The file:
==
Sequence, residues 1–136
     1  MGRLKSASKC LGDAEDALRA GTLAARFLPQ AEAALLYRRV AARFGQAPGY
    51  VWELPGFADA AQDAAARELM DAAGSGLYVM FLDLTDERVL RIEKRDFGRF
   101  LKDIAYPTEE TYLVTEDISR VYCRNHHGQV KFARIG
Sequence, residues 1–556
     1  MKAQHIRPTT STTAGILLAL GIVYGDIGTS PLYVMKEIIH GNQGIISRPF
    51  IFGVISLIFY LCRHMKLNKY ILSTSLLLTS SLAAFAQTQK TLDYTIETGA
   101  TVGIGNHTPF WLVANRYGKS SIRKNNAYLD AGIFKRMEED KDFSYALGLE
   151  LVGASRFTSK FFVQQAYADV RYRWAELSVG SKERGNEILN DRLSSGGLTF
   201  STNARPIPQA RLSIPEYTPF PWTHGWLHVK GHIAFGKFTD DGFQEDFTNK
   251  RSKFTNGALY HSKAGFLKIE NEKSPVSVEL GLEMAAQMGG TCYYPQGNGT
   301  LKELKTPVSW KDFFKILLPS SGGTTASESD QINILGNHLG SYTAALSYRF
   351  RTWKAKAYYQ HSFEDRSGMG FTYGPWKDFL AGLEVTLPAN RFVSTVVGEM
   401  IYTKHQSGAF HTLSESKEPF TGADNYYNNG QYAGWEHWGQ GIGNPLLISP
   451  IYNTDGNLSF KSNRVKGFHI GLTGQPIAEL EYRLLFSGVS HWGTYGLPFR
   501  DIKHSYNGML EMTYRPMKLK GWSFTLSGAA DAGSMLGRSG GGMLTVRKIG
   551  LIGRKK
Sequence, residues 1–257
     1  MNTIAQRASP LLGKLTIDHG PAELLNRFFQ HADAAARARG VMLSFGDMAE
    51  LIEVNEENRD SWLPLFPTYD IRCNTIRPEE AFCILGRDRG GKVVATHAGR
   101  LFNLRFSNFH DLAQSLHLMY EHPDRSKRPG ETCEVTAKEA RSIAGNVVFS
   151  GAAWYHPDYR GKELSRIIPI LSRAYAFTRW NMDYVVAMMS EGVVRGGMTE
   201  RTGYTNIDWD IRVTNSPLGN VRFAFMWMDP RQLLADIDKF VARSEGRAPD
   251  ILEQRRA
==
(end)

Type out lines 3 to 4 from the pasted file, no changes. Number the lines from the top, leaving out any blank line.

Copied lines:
    51  VWELPGFADA AQDAAARELM DAAGSGLYVM FLDLTDERVL RIEKRDFGRF
   101  LKDIAYPTEE TYLVTEDISR VYCRNHHGQV KFARIG